Circular Technologies : How can we solve the problem?
According to the Global E-Waste Monitor estimate the amount of e-waste will reach 74Mt by 2030 with an increase of more than double the amount over a 16 year period (2014-2030). We have already mentioned that the economy, in order to progress in all its sectors, needs more and more high-performance devices, but we have not mentioned that these devices have the highest rate of wear and tear, have a short life cycle (3 to 5 years), have few repair options and are difficult to reuse. All these characteristics make it the fastest growing waste stream in the world and counting that, again according to data provided by the Global E-Waste Monitor, only 17.4%, globally, is recycled properly. We are faced with a problem that grows exponentially at the expense of a slow process of recovery and reuse.
To start addressing the waste problem is needed is what in Environmental Economics called "decoupling", i.e., the reduction of the impact on the environment generated by economic and demographic growth, as a result of a more efficient use of resources or the introduction of technologies that reduce their consumption or the formation of waste at certain levels of production.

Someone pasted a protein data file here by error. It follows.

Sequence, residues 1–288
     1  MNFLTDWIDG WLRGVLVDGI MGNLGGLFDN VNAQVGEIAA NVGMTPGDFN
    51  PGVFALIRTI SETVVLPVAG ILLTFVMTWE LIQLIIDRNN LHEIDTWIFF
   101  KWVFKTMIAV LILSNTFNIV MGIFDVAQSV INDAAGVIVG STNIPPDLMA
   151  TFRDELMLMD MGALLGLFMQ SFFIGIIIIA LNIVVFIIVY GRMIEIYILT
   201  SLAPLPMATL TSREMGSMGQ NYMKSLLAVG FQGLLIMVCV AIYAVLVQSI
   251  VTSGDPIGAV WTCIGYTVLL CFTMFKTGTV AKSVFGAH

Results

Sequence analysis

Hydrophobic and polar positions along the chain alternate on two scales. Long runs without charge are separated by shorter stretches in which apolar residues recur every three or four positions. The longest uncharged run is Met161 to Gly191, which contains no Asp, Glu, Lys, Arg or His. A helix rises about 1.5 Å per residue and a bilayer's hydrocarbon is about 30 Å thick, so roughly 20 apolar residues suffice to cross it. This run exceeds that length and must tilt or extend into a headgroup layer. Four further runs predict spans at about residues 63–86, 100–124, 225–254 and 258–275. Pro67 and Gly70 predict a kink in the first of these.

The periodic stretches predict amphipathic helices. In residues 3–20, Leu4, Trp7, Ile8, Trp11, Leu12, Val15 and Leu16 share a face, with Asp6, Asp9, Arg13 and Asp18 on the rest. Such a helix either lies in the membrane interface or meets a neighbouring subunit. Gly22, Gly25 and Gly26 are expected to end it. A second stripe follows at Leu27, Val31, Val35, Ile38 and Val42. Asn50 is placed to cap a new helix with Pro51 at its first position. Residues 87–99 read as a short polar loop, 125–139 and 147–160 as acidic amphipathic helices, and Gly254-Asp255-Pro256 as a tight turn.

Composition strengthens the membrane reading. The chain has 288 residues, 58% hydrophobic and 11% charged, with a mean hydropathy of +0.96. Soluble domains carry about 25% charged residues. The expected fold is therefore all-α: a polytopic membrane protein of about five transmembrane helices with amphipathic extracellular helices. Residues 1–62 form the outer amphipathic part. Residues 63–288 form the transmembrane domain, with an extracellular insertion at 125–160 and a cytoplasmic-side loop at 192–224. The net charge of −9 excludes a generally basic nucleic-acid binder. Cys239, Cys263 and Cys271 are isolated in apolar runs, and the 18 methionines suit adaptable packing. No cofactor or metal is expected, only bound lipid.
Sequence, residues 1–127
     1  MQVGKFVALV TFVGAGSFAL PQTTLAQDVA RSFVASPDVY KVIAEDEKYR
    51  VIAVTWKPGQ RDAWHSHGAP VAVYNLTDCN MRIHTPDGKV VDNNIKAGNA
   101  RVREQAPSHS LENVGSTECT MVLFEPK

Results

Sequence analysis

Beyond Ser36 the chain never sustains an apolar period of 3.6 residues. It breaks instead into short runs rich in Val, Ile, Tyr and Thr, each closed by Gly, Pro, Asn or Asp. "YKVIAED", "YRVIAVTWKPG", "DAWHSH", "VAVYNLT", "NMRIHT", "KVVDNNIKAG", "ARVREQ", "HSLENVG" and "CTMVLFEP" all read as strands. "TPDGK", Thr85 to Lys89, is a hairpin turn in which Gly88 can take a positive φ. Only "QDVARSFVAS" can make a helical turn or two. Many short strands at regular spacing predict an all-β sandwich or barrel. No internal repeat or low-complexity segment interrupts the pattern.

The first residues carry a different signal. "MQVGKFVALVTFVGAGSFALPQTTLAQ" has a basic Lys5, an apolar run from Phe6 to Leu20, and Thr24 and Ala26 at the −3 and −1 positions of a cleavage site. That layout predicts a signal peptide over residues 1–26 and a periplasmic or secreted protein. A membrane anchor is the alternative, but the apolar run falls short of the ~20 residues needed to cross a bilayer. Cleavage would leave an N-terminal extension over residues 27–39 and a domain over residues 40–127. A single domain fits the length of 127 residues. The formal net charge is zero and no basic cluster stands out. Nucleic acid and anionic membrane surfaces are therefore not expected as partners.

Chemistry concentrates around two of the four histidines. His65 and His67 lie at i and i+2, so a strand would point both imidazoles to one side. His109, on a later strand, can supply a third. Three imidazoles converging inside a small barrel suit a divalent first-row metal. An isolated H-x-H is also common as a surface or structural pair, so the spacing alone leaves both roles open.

There are simply not enough resources to maintain the current growth trend, but there are viable alternatives in the repair and reuse of these devices, and as a last option the disposal and recycling of materials at the end of the life cycle. In terms of numbers (data reported by GEM 2020) amounts to a potential value of 57 billion euros, which could turn e-waste into the new open pit mines.
To this we add a very important fact; since most of CO2e emissions occur in the phase of extraction of raw materials and production (90%) a sustainable policy of reuse and recycling would drastically reduce the emissions of the sector.